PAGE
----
According to this: What oil or fat to use for different purposes?

For general pan cooking: olive oil (any kind), butter..

I see video from youtube such as How to Cook Steak by Jamie Oliver, he also used olive oil in a pan, but I am not sure if extra virgin is being used.

Since for steak cooking, the temperature should be high, or should I use extra light olive oil instead?

2 Answers 2


No. Steak needs be seared at a high, high temperature. Not only would extra virgin olive oil lose everything that makes it special at such a high temperature (so not worth the expense anyway), it would also burn. The smoke point of EVOO is 350F, 180C (give or take). That's simply way too low for searing steak.

There is no such thing as a cooking oil that's hot enough to heat to what I would consider ideal steak steak searing temperature.


(I just used this picture in another answer, that's Celsius by the way)

No cooking oil can withstand that kind of heat. So how can you get away with it? Well, when I do it, first I remove the batteries from every smoke detector in my apartment and open my kitchen windows. Secondly, I choose a very refined (read that tasteless) oil with a high smoke point. By using a refined, tasteless oil, there's really nothing left after it burns to taste nasty; it just tastes like char, something I want anyway. Third, I don't put oil in the pan, I just lightly oil the steak. The method works great, but it requires a cast-iron pan and a high smoke point, neutral oil.

I'm not crazy about Jamie Oliver's method because I like a serious char. You can tell he's not using extreme heat, because he's using a non-stick pan. I assume he doesn't throw away the pan with every steak. Even with his method, EVOO would be a bad choice of oil. The point at which extra virgin olive oil gets nasty is significantly lower than the temperature that will ruin a non-stick pan 400F+ (200C+), and much lower than the temperature necessary to get a decent char on a steak. Refined (pure, or extra light) olive oil would be an OK choice, as would canola, safflower, refined avocado, grapeseed or soybean.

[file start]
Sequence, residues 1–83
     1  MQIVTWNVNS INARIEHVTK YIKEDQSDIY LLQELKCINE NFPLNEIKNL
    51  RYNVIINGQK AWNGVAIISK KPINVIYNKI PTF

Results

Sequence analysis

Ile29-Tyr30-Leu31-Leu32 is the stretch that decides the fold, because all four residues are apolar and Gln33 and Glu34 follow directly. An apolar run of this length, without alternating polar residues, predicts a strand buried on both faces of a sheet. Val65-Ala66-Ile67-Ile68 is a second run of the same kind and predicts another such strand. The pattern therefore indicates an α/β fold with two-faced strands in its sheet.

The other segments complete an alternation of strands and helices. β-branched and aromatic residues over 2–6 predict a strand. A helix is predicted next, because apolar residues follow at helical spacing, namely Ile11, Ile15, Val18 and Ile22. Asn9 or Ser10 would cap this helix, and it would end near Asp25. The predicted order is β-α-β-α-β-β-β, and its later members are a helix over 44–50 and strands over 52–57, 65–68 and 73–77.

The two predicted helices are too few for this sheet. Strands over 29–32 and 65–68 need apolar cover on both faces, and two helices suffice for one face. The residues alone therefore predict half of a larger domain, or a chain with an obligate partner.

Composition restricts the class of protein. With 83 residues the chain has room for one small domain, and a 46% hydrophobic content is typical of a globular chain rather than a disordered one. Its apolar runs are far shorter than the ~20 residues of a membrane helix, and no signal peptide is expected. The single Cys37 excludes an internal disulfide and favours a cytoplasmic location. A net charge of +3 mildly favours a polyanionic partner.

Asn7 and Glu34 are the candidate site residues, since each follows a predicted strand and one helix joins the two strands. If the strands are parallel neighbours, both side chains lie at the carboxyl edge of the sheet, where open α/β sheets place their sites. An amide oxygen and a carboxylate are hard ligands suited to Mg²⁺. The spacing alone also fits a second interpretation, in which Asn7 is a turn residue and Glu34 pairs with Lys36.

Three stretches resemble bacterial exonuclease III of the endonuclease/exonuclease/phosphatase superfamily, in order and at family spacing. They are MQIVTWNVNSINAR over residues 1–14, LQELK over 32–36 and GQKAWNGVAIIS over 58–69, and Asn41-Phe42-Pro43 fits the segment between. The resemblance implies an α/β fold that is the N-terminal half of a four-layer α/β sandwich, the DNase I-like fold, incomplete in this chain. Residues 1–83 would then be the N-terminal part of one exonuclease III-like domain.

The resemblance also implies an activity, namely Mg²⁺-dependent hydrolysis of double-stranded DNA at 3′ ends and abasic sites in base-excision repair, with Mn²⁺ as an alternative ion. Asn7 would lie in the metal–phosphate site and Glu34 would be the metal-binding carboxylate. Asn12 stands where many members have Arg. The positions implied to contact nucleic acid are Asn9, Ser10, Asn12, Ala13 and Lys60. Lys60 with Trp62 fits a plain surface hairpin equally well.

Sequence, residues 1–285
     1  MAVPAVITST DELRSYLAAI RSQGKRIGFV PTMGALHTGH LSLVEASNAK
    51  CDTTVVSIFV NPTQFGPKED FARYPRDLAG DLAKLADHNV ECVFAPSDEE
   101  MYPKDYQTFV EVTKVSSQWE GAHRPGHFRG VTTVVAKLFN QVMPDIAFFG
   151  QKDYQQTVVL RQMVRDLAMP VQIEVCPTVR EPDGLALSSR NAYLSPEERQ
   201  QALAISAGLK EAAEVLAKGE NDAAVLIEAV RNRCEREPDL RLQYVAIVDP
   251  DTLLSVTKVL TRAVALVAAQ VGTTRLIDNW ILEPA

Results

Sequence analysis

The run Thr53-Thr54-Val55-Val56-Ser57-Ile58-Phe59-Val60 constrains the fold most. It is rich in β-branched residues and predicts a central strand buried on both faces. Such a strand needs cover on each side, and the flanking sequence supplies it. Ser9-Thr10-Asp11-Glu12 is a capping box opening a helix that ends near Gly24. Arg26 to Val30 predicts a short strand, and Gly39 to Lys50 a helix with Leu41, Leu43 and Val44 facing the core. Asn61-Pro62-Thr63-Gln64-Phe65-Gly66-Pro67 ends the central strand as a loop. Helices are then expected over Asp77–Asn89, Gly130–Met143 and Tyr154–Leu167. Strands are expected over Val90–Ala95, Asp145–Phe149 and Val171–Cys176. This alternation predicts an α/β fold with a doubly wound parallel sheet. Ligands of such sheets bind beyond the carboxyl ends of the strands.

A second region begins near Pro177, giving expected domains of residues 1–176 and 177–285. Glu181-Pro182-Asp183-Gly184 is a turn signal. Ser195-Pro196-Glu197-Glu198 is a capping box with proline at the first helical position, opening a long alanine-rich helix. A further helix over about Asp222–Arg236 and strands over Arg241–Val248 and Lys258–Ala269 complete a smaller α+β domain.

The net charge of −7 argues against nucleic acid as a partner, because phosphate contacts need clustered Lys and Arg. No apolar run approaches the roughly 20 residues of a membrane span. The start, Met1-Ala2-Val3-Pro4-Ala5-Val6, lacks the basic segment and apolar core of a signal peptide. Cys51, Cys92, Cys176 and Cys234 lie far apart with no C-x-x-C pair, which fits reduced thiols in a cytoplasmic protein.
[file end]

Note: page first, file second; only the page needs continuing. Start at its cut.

• 2
    Not everyone likes their steaks seared at high heat, that is just one way of doing it?
    – TFD
    Commented Jul 15, 2014 at 8:36
  • 1
    Some people eat their steak basically raw, there is all sorts in this world!
    – TFD
    Commented Jul 15, 2014 at 8:54
  • 1
    @TFD I like it nearly raw. Hence the need for super high heat! It's only with super high heat that you can get a sear, and still have nearly raw meat. Tartare is another matter.
    – Jolenealaska
    Commented Jul 15, 2014 at 8:58
  • 3
    The idea of getting anywhere near a pan that is the same temperature of the average self-cleaning oven terrifies me.
    – Kogitsune
    Commented Jul 15, 2014 at 18:12
  • 1
    Why not sous vide it and then char it with a butane burner? You're going for the maillard reactions, right?
    – RoboKaren
    Commented Jul 17, 2014 at 4:24

So ... as I was the one that said that, a few clarifications:

  • Heating extra virgin olive oil will break it down, losing the fruity qualities that are generally the reason that you select it over other types of olive oil. Although it'll work for cooking, it's not ideal, no matter what Rachel Ray would have you believe. (I typically use a virgin olive oil for cooking).
  • I didn't think to qualify 'general pan cooking' by maximum temperature; I assumed it to be lower heat cooking, another fat I mentioned (butter) will burn when used in high heat cooking unless you clarify it first.
  • 'extra virgin olive oil' in the U.S. often doesn't pass quality standards, and has a high chance of being cut with other oils (which can make it less problematic for cooking)

... but all of that being said ... I don't know what was done in the video, but you generally don't want to put oil in a pan when searing steaks; if you want to use oil, you're better off oiling the meat, then placing that into the pan. The high heat of the pan for a proper sear (higher than frying), will cause the oil to smoke and polymerize if you put it straight into pan, and it's not immediately covered by something to be cooked.

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